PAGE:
Someday soon, the shoulder star of Orion, Betelgeuse is going to explode as a supernova. The article from Skyandtelescope, “Did Betelgeuse Swallow Its Companion?” by Kelly Beatty explains for a normal star, astronomers can get a good estimate when that explosion would occur. Unfortunately Betelgeuse is not a normal star, and everything known about this star is uncertain, including its surface temperature, mass and even its distance aren’t of certain. In order to find out when Betelgeuse will explode, scientists need to have all this information pinned down. Betelgeuse is believed to have a mass 19 times larger than our sun’s, with 126,000 times its energy output and a diameter of at least 1.2 billion kilometers. Another issue with Betelgeuse is that it is spinning abnormally fast at 15 km/s while our sun spins at only 2 km/s. This usually occurs when stars are within the last 1,000 years of their lifespan. The issue with this is that Betelgeuse is only about 8 million years old and scientists can’t see a star like this die off so soon. J Craig Wheeler a supernova specialist theorizes that Betelgeuse formed as a part of a binary system and “ate” its companion star while it swelled up to its current size. The next step for the Betelgeuse project is to use a technique called Asteroseismology which probes the star’s interior and can reveal any dense, undissolved remnant of the star that Betelgeuse may have eaten.
I found this article to be a bit surprising. Going through this semester, I have read so much about scientists known mass and distance and temperature of so many stars and planets and other objects, but Betelgeuse which is a very well known star, they can’t figure out exact information on it. I am curious to what makes Betelgeuse that much different to other stars that scientists can’t find out this information. Although this article was an interesting topic I found it to be lacking in information. For instance, it mentions that Betelgeuse is spinning too fast and that it might be from it destroying another star. However, it doesn’t mention how or why “eating” another star would cause it to spin faster. It leaves the reader (me) with a lot of questions, such as will Betelgeuse explode sooner than its average life expectancy due to the faster spinning, or will it eventually slow down after it settles after the destruction of the other star. Despite the lack of detail, This article relates to our 14th conceptual objective. Eventually, all stars die, usually after several million years. As stars age, radiation pressure around their core begins to expand, from this their surface temperature lowers due to it being further away from the core. When this happens, the star is turning into a red giant. A star’s mass determines what happens after it becomes a red giant. From “Stellar Evolution” in our Lecture Tutorial notes, I learned there are two categories of stars; Low-mass and High-mass.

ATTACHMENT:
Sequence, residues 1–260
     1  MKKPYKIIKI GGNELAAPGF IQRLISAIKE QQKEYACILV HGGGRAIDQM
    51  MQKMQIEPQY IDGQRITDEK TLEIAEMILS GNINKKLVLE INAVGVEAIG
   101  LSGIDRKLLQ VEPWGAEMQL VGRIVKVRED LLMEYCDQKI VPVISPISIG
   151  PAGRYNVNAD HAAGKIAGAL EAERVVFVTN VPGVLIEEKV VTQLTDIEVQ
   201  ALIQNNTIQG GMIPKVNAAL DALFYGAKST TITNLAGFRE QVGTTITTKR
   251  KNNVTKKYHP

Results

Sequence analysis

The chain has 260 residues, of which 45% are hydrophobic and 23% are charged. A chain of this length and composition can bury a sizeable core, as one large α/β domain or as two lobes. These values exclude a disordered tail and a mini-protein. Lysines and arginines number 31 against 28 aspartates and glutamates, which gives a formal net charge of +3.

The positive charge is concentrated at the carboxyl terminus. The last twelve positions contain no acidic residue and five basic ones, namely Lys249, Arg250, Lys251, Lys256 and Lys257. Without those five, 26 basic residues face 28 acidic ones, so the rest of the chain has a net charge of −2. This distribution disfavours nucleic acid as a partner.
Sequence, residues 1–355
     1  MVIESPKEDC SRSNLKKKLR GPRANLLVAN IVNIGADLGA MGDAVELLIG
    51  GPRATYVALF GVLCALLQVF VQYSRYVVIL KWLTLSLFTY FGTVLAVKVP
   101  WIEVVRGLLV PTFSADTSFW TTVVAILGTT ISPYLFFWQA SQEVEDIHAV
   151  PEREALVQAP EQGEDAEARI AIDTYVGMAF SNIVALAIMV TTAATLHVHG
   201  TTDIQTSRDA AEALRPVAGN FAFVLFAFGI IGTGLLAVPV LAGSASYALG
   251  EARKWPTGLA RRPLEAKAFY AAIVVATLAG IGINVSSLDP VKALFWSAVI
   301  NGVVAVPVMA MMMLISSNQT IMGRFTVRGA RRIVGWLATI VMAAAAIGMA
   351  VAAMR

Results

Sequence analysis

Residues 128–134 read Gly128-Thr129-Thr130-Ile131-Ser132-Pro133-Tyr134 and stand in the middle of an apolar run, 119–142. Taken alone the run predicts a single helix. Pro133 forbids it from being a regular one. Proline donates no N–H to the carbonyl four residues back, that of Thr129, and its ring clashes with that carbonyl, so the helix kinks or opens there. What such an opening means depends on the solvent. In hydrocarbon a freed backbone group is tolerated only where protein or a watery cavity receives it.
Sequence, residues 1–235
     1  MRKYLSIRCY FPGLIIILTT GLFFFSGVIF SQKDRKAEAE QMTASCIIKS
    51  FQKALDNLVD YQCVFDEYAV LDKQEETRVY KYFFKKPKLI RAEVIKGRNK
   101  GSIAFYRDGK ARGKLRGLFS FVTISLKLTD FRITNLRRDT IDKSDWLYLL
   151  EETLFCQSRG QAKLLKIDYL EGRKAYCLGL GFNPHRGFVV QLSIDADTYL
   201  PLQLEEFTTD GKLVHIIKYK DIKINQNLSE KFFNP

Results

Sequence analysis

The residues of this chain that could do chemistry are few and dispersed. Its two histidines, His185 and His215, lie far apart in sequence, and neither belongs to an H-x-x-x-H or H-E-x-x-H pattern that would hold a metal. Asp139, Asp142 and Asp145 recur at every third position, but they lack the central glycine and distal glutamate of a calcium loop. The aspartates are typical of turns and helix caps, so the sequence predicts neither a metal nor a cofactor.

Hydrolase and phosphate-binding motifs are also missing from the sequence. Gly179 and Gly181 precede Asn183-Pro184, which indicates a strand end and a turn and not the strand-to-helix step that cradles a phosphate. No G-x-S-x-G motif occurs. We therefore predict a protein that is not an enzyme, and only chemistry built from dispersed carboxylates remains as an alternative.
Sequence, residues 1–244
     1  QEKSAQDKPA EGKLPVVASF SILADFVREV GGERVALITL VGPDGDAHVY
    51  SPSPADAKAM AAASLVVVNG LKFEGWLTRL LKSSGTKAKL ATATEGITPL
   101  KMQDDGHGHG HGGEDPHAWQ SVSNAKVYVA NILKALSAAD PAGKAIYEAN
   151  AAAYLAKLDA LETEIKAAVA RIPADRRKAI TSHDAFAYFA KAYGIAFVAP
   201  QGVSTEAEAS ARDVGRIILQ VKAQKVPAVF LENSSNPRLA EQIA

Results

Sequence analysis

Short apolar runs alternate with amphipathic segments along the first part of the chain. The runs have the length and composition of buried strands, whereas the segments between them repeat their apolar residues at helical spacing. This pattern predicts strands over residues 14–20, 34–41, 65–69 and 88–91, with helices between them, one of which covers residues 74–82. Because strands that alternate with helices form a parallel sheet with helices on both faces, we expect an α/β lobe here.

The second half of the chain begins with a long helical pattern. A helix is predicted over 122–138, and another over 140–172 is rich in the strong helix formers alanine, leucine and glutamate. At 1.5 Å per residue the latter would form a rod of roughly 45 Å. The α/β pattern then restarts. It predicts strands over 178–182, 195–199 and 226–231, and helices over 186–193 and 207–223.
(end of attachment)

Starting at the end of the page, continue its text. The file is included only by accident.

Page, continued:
A low-mass star, which is less than 8 times the mass of our sun, breaks away its outer layers to produce a planetary nebula. In the center of this planetary nebular, The stellar core remaining is known as a white dwarf. On the other hand, a star that has a mass greater than 8 times the sun’s, will explode into a supernova. The supernova blasts away all the remnants of the star just leaving a core called a neutron star. These stars are very small and very dense, usually smaller than Earth’s moon. If the star’s mass was extremely large, instead of a neutron star, a black hole is formed due to the amount of pressure. The article states that Betelgeuse is estimated to be about 19 times the mass of our sun. This means that Betelgeuse will form a supernova and may only be left as a small neutron star. However if its mass is great enough, Betelgeuse will form a black hole once it explodes.